The keyboard half is where the fun begins with the HTC Desire Z. We didn't experience any issues with the innovative Z-hinge in terms of efforts to push the screen half away, or snap it back into place – it feels elegant and solid at the same time. We see where HTC is coming from when it said this mechanism allows for the keyboard half to be almost flush with the screen, thus avoiding the thumb-bashing that usually occurs on QWERTY slide-outs. However, we don't think it is that much of an issue, and a simple spring-loading mechanism would have sufficed. We would get the point of a Z-hinge, if we could tilt the screen up, but in this case, meh, just one more thing that could easily break. Especially worrying is that the thin cable, which connects the LCD display to the chipset, is exposed upon opening and closing, but, hey, a company has to stand out somehow, right?
The keyboard itself left us with mixed impressions. It looked superb in pictures and in person – spaced out chiclet layout with four rows of keys is becoming the norm in physical keyboards, instead of a single sheet with buttons, and the HTC Desire Z is no exception. The space between the domed plastic caps, though, is not sufficient to have your thumbs dancing across the keyboard, while hitting the correct letter each time. The keys feel rather stiff on a new handset, and travel is a bit shallow in practice, there is an elevated rim surrounding the keyboard pit.
The notorious thumb-bashing occurs quite frequently when using the upper row. It would be funny to watch a typing competition between two gals with long finger nails, though. Other than those drawbacks, the keyboard has a nice layout, with programmable keys to fire up anything you choose, and function keys on both sides. Also, long-pressing a letter reveals its accented versions, so oftentimes you don't even have to change to the French layout to type in French.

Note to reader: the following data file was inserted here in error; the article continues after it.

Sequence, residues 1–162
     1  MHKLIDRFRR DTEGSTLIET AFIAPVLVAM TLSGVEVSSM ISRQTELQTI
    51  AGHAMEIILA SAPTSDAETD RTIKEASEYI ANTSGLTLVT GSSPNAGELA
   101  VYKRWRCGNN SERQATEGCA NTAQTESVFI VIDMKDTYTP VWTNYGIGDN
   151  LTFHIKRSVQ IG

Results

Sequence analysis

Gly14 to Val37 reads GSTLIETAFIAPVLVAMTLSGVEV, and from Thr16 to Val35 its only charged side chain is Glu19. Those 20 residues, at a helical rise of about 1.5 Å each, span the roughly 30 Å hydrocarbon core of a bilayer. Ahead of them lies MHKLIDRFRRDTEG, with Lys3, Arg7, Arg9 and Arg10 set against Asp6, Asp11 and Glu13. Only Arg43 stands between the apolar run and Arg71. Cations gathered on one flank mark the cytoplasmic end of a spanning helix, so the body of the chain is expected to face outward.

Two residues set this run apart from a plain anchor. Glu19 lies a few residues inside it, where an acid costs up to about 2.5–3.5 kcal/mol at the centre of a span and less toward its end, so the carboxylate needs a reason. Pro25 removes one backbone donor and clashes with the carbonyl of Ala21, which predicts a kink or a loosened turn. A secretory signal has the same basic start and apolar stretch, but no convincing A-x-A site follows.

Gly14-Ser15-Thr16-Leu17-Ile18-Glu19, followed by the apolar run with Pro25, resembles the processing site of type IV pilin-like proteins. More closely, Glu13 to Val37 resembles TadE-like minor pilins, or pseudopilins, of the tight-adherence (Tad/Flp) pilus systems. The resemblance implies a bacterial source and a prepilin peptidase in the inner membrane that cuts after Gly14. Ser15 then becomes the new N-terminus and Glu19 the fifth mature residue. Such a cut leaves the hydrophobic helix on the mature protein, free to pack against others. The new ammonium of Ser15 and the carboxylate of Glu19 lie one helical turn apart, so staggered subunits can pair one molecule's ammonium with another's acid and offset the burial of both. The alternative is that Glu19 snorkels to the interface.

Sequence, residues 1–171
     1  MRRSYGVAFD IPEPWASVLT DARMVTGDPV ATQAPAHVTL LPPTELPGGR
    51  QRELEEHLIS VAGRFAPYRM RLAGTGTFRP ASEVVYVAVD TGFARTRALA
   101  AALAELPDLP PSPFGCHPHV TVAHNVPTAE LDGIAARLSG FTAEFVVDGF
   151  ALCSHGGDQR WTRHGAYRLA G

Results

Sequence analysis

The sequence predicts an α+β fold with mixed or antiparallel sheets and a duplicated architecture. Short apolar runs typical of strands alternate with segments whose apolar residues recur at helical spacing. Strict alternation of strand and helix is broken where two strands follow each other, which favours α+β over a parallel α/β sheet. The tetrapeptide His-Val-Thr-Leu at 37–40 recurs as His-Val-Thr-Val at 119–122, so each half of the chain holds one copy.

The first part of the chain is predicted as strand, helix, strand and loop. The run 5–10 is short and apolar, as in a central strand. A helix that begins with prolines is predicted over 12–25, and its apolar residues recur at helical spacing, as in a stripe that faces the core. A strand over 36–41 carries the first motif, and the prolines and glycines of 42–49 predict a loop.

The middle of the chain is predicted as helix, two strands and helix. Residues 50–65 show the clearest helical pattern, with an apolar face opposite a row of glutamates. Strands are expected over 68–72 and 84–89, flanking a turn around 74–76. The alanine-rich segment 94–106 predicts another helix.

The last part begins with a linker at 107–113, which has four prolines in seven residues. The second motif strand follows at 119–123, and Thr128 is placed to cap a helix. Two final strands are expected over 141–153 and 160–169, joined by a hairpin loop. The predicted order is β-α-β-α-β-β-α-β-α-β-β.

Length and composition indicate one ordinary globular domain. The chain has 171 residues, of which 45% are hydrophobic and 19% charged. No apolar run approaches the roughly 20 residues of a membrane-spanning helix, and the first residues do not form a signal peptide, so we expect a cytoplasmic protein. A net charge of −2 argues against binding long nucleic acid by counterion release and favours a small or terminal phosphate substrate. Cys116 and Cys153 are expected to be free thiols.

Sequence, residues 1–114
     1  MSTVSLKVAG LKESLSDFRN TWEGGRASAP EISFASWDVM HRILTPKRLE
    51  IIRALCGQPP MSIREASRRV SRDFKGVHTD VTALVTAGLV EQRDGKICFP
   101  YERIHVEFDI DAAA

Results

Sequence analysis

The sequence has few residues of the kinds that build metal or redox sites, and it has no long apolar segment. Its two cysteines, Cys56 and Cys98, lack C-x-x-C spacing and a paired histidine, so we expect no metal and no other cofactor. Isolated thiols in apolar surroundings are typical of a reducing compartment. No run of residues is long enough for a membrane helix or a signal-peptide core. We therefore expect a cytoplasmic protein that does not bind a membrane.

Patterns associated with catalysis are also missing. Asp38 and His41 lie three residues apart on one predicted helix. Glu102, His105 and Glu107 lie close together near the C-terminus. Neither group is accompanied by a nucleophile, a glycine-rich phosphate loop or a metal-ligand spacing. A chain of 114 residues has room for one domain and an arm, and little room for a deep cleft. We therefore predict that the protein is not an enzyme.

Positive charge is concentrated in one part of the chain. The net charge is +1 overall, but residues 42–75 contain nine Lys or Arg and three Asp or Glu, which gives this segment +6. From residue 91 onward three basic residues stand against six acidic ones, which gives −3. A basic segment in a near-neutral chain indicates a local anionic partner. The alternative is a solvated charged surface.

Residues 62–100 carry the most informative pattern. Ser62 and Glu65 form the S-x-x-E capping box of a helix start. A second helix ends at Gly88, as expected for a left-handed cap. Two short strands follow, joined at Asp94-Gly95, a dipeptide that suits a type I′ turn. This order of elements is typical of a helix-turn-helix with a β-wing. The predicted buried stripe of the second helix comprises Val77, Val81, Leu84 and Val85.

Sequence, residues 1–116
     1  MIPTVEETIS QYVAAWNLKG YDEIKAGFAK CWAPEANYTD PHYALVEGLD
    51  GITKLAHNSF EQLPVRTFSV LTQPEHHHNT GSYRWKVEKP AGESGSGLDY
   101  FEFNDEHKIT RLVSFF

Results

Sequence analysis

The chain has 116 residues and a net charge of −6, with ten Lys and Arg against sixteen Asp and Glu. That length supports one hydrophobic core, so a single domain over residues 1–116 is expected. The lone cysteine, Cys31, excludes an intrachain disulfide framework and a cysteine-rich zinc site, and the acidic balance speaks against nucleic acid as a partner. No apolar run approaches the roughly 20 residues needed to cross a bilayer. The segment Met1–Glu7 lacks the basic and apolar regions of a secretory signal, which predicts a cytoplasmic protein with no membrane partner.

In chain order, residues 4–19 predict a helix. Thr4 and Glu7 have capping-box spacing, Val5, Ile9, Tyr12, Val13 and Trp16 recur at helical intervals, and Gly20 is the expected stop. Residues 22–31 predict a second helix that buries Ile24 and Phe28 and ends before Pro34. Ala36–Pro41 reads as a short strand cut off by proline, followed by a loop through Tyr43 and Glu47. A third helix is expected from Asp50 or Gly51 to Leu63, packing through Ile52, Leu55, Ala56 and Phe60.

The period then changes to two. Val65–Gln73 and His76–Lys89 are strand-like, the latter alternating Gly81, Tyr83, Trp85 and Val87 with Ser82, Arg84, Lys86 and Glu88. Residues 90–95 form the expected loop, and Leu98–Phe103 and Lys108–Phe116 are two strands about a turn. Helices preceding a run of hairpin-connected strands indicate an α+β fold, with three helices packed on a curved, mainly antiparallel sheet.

The thicker keyboard half is where most of the other design elements are located – there is a whole piece volume rocker, and exposed microUSB port on the left side, a standard audio jack and lock/power key up top, and a latch slider for removing the battery cover on the right. The cover is made of brushed aluminum, and has a slit for the speaker grill. The back also hosts the 5MP camera with an LED flash up left, but there is no front-facing camera on the handset.
Great design by HTC, as usual - the HTC Desire Z is surely an attention-grabber with its brushed aluminum/soft touch coating combination, and the Z-hinge. The weight, however, is significant, when we consider that the physical keyboard is only decent, and we could have easily gone with just the excellent virtual one. What's a G1 heir without a keyboard, though?
HTC Desire Z 360-degree View: